• andiehallihan

Avoiding The Lawyer's Dark Room

Updated: Feb 12, 2019

Early in most large projects people write and agree the contracts that will shape the later stages of that very project. Too often, people put themselves and the project at risk.


There are countless and complex reasons as to why and how this can happen. But reflecting on our experience, here are five predictable factors to consider in those early and exciting days of the project. Combining critical thinking with the awareness of likely risks will increase the prospect of the project delivering on-time and to specification.


Take five!


Firstly, what could happen to threaten the basis of the entire project? Key word is "could". These are the factors so important that if we get them wrong it can de-rail everything else that has gone exactly to plan throughout the project - and lead to the Lawyer's Dark Room. We might know the answer - the packing line needs to run at 90 bags per minute for 80% of planned shift hours allowing for all downtime, and changeover three times a day taking no more than 15 minutes a time. We might not know the answer - maybe it is related to legislation that could change in the timescales of the project, such as environmental emissions from chimneys. These factors need to be identified and the risk for delivering against the risk clearly placed with the best owner of that risk. Often, that is with the suppliers of the specialist equipment - but if the risk is within our end of the project (eg. we haven't actually worked out what we want the packing line to deliver) then we need to own the risk (or more likely, work it out before we enter into contract).


Second, we need our partners in the project to be with us at the end of the project. The deal cannot be so good for us that they cease trading before the end of the project. Many big projects can see suppliers go deeply cash-negative depending on progress payments and stages. The contract needs to fairly reward the chosen partners, to keep them working to both the letter and the spirit of the agreement. As well as fair, the payment milestones need to be clear and make logical sense (so you get what you need - not random points that leave you with a useless end system). You need to know how you will sign off the transfer of payments at each stage. It does not have to be pedantic, but it has to be clear and reasonable. Rest assured, issues will arise at some point, and you will want the partners to work with you to resolve them in good faith. If the bargain is driven so hard or there are disagreements on the validity of claims for payment, the partner may feel they have no choice but to start the meter with every query. You may stop challenging where factors are "not quite right" and lose a lot of time to project review meetings.


Third, we should anticipate the interfaces between the multiple contractors and ensure each contract requires a way of working with good faith - to avoid the tragedy of the commons. The payment milestones can help and hinder with this, so take care. Give thought to the inter-dependencies between the contractors, and get the contractors working together as though they are in the same boat and able to help everyone to the payment milestones.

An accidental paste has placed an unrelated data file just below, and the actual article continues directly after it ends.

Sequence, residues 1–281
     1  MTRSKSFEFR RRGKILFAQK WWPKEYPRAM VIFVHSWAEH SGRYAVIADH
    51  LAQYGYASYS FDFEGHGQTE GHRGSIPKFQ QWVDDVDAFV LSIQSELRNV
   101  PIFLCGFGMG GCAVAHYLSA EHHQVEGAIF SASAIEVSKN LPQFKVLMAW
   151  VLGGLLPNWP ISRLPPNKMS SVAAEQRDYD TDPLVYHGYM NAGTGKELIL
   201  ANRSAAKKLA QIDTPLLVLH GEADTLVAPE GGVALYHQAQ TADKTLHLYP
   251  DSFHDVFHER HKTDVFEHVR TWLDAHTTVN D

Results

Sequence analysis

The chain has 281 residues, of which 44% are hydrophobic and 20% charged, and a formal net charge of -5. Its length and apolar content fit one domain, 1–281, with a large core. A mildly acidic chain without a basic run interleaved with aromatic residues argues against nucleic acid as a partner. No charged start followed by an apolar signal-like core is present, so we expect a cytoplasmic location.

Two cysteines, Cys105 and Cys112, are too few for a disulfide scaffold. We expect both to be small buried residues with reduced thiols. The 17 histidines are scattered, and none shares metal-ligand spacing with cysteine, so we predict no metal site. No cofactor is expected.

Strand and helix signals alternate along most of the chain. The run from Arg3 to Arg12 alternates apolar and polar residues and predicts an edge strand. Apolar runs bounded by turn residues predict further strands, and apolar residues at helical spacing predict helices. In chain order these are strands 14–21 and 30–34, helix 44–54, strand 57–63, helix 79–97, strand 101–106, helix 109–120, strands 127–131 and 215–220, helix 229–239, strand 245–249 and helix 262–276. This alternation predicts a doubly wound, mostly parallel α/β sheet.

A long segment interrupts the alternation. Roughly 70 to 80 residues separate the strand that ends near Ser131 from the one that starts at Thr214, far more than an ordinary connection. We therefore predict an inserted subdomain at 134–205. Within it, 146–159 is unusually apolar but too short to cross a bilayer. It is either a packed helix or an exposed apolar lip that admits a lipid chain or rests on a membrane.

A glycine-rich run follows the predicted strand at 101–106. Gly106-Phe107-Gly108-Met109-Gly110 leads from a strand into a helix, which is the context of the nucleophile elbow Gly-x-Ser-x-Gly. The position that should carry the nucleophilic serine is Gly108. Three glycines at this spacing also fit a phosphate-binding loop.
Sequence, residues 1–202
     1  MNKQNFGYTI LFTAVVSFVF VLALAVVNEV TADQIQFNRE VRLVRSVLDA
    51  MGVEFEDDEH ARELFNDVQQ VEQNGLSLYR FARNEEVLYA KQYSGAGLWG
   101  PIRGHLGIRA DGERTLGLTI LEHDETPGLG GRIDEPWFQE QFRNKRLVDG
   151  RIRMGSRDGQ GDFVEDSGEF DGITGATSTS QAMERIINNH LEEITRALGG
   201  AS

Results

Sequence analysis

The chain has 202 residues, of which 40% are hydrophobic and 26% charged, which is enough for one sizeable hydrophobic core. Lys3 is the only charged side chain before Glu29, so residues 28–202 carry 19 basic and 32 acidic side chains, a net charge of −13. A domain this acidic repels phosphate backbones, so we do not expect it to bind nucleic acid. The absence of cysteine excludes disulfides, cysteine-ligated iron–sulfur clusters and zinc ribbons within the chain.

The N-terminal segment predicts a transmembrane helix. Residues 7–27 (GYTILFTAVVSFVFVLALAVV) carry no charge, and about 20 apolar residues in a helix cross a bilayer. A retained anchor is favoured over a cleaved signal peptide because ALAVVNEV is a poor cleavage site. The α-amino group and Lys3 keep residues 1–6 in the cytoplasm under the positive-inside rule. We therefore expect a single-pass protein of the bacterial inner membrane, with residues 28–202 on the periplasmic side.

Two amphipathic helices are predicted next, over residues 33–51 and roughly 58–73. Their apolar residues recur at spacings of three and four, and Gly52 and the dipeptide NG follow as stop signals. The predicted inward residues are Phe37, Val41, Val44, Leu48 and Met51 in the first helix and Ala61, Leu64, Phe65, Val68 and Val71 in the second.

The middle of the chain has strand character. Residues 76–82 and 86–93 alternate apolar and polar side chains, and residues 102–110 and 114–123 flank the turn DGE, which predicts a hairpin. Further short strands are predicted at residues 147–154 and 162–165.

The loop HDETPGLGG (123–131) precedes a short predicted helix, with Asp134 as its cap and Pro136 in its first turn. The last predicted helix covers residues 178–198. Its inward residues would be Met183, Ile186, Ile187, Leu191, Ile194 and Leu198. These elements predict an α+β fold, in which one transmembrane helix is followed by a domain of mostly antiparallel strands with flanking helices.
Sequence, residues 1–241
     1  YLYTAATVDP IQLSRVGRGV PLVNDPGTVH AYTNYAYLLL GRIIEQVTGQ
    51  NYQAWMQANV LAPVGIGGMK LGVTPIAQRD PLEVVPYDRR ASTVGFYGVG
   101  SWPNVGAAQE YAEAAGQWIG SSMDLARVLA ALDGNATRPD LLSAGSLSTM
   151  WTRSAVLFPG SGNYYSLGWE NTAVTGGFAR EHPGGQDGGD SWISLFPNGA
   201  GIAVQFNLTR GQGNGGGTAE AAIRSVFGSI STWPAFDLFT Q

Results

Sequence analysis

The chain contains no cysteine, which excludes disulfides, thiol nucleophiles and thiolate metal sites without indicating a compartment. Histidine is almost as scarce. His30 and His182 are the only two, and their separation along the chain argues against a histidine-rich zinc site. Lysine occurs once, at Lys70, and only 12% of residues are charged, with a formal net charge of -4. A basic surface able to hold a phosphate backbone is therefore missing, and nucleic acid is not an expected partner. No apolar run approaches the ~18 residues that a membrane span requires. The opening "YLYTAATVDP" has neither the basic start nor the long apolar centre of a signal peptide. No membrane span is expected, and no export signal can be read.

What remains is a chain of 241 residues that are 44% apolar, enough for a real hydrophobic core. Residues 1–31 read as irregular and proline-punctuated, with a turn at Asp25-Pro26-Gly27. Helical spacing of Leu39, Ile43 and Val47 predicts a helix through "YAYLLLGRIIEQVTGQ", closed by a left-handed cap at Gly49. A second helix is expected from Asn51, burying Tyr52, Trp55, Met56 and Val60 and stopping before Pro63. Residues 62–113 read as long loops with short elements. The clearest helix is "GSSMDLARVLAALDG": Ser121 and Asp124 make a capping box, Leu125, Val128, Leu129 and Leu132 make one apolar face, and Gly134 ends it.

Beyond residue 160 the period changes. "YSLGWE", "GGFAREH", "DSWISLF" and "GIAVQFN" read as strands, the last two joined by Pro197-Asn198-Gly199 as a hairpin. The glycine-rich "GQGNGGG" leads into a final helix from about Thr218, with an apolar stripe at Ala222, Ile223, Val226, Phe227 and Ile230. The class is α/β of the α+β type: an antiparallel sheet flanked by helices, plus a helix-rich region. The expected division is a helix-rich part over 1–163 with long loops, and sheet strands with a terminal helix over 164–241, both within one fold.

Fourth, exclusions and other conditions. Read the small print. Check it. If the contract is based on your partner's standard terms it will include all the events that have gone wrong in all their years of trading - and they will be looking to pass the risk onto you. It will give you an insight into what your partner thinks could go wrong, but failed to mention when they were selling their proposal to you. Risks in the ground, duties, taxes, changes in legislation or certification standards, running electricity to connection points, materials for factory acceptance testing, materials for site acceptance testing, who takes measurements on site, jurisdiction of the courts in event of dispute, and more besides. If your partner is the best person to own some of the risks make sure the exclusions and conditions reflect that. Make sure standards refer to current standards at time of commissioning - not at time of order! The simple principle is that you want to gain the benefit of the contract - and so you need to be able to operate it.


Finally, here is a recurring factor worth anticipating. Whether construction, fit-out or equipment installation, it is likely that the chosen partner will be under time pressure to get their site team onto the next project somewhere else. Just as you need resolve the teething issues that could prevent smooth start-up you will want the full attention of the people that know and understand the building and equipment better than anyone else. Make sure you design a fail-safe mechanism so you will have the undivided attention of the important people for longer than you think you are going to need them. You will not regret the close attention of good people towards the end of the project.


These five points alone will not guarantee great delivery of the important contracts. But any one of them can have the horsepower to adversely disrupt almost any contract. Get them covered, and the early critical thinking and challenge will serve you well at the end of the project when you are dealing with delivering what matters in short timescales.

© 2019 Applied Angle Consulting Ltd.